One year ago, Hurricane Maria ripped through Puerto Rico. For the educators, students, and parents who remain on the island, nothing has been the same since. In sheer practical terms, they are grappling with lingering storm damage, shifts in school assignments after hundreds of buildings were closed in the wake of the hurricane, and the implications of a system-wide reorganization. Amid it all, the island’s education leaders are still trying to grasp the extent of the trauma they and their school communities are suffering, and how best to address that emotional and psychological pain.
Last month, the Providence public schools were sharply criticized by the U.S. Department of Justice for failing to provide adequate services to its English language learners. In a settlement agreement with Justice, the School Department agreed to make sweeping changes to how students are identified as needing language services, what types of services are provided and promised to hire more teachers trained in this field. Providence isn't alone. The Justice Department has entered into similar agreements with Boston, Worcester, Arizona and California.
For undocumented immigrant families who live with the constant fear of deportation, Hurricane Florence presented an extra set of challenges. Many immigrants in the Carolinas live in trailers and other forms of low-income housing that can be especially vulnerable in natural disasters. Hurricane Florence forced them to think about whether seeking government resources like shelter, food or other aid would help them get through the storm, or put them at greater risk.
When the heavy rains from Tropical Storm Florence finally let up, the operations crew from the New Hanover County district in North Carolina found flooded classrooms, leaking roofs, downed trees, blown-out light bulbs on athletic fields, a massive sink hole in front of a high school with a toppled tree blocking the driveway, and no electricity in most schools. But of all the damage that Superintendent Tim Markley had seen, there's one image he can't shake: the sight of one of his teachers, arriving at a shelter.
Florence, which struck the Carolinas as a Category 1 hurricane Friday and continues to breed tornadoes and floods on the East Coast, has taken a particularly harsh toll on North Carolina's most vulnerable residents — tens of thousands of homeless, working poor and farmworkers, many of whom are undocumented. Homeless shelters have seen an influx of people who rode out the storm at emergency evacuation centers but now have nowhere to go. Advocates for farmworkers have said many did not know the Hurricane Florence was coming, because there were few warnings in Spanish, and stayed in crowded housing facilities with inadequate food and water. Others who went to shelters are nervous about leaving them, afraid they will be taken into custody by immigration agents.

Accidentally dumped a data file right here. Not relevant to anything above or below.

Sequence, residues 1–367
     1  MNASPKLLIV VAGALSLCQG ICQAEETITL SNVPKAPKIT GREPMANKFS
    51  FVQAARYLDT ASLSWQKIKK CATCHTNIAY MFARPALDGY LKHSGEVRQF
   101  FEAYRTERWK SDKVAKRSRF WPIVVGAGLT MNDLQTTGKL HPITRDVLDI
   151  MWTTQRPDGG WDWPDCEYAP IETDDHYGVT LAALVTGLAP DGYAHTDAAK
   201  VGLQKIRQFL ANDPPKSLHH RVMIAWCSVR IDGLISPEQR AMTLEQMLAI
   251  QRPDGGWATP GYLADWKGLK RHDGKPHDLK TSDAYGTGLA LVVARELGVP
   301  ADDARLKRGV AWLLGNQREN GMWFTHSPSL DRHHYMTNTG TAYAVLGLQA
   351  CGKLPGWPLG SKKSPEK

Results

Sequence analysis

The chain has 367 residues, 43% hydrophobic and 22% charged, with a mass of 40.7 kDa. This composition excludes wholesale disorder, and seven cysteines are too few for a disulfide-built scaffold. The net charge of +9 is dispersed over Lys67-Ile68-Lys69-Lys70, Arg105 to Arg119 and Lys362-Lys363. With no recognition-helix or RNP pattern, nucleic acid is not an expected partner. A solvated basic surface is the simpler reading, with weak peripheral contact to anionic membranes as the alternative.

For decades, two factors drove the demand for dual-language education: a desire to preserve native languages and recognition that dual-language learning can boost overall achievement for English-language learners. Now, a growing number of states also see bilingualism as key to accessing the global economy, as evidenced by the surging popularity of the "seal of biliteracy" — a special recognition for graduates who demonstrate fluency in two or more languages. The popularity of the seal is spurring even more demand for dual-language-education programs.
In this essay about her National Honor Society Scholarship, college freshman Jenny Rodriguez writes, "Throughout my schooling, I always worked hard and aimed high — traits I see in many immigrant families. I found ways of helping others in my community, volunteering with church, and playing the role of tutor, translator and advocate for students who had experiences similar to mine. I knew I could help them in ways that my parents would have wanted to help me. The day I won the National Honor Society Scholarship changed everything for my family."
It just so happened that as Hurricane Florence was approaching the Carolinas, teacher Justin Parmenter was giving a lesson on empathy to his students in a seventh-grade language arts class at Waddell Language Academy in Charlotte. In this post, Parmenter writes about the real-life lesson in empathy kids can get from the hurricane.
Over the past year, a flurry of new immigration policy directives and actions have gushed forth like water from a broken fire hydrant, layering over each other and causing confusion for schools and other service providers. The shifting landscape means educators must proactively consider how the current U.S. political climate is affecting their increasing number of students from immigrant families, including those who are undocumented and whose families are of mixed legal status.
In 1930s Kentucky, in coal country, books made their way to remote and isolated regions of the state through The Pack Horse Library Project.